By Brooke Luby
Everyone begins life in awareness of God. As time passes, we “grow up” and lose this awareness. As my favorite band Sleeping At Last poetically puts it:
“When the world welcomes us in, we’re closer to heaven then we’ll ever know. They say this place has changed, but strip away all of the technology, and we’ll see that we all are hunters, hunting for something that will make us okay.” (“Needle and Thread“)
As kids, we often understand intrinsically that God is here, right next to us, right in us. Then, “reality” hits. People betray us. We lose our sense of trust. We get beaten up physically on the playground, emotionally by teachers or parents or kids, and spiritually in church. The basic unifying message is that “you are not enough.”
And so we hunt. We hunt through any means possible: addiction to careers, drugs, church, sex, religious acts. All the things the protagonist in the missions trip drama dances around, before being set free by the 15 year old reluctantly playing Jesus. If we are honest we will admit, “finding God” and “accepting Jesus” in a typical “conversion” experience doesn’t make us stop hunting. In fact, the hunting it self can become an addiction.
We repent, we believe, we receive, we are changed. Now, we are told, we must do, we must work it out. We must seek God more, find God deeper. Get closer to God. Does this mean, God only gave us part of Him self when “he came into our hearts?” We’re taught this sunday school rhetoric, but I am afraid we don’t really stop to think. We sing “All I need is you” and in our hearts, we are hunting. “I need you God, so come to me, come and be my everything.”
It’s like a kid who learns for the first time in science class that without your heart beating, you will die. In panic, he asks his teacher where he can get a heart. The teacher takes the little boys hand and places it on his own chest.
If we are “saved,” God is already in us. What more can God give us then Himself?
Let’s say the little boy doesn’t get it. He doesn’t understand that the “thump thump” he is feeling in his chest can possibly be the same weird bloody organ he is being showed a picture of in class. He doesn’t connect the two. So what does he do? He lives in worry and fear. He drops out of elementary school and becomes a hunter, searching for his heart. It’s a ridiculous analogy, obviously, but it seems to me like the state of so much of the church.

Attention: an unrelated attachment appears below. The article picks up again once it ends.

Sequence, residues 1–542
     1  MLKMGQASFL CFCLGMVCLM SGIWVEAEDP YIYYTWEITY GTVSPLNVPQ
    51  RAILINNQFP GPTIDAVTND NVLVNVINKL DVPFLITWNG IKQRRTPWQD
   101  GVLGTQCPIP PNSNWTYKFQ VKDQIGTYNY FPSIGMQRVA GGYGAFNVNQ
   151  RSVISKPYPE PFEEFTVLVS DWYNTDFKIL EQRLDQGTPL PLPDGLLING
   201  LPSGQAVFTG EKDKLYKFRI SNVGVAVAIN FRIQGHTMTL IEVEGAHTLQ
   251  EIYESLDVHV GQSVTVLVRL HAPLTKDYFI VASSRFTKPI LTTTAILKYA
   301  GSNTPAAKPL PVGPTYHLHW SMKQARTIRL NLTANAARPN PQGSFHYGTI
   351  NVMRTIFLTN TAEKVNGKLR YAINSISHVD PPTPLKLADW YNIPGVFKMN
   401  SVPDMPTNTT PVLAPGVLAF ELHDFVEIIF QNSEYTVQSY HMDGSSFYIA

We are always looking for what we already have.
I spent most of my life hunting for something that would make me feel better about myself. Being a Christian felt like I was in a club where you were morally superior, and had certain duties and obligations like praying for people, and attending church. When it was all over, I was one of the few lucky ones that wouldn’t get burned to a crisp. But I didn’t feel very lucky. I tried to convince myself I was blessed and a child of God, but deep down I didn’t really believe it. I believed that nagging voice, “You are not enough. You are not smart enough, or pretty enough. You are strange. No one will ever love you.“
When I was seventeen, I experienced God’s love in a way that left me shaking and haunted, knowing that He was real and that I needed to find Him. So I gave up ideas about college and being in a relationship, and moved to the middle of nowhere east Texas. I dived head first into a program intended to help people to find God. Essentially, I was told in order to really find Him, I needed to do more. I needed to give up everything, especially any kind of entertainment or reading that wasn’t deemed “spiritual”. I was fed the importance of having godly character, being physically fit, professional, a leader, someone that stood above everyone else, a “world changer.” Then I was given a list of ways to become this. Often these step by step formulas to be a super christian were interlaced with a spoon full of grace, which I swallowed quickly, starving, but was always left unsatisfied. Ultimately, God in his grace sought me out and changed me. I realized over time all I really need to do is be with Jesus, let him love me, and that everything else will fall into place. This was an introduction to grace, but the tricky thing is that legalism mixed with a bit of grace, is still legalism.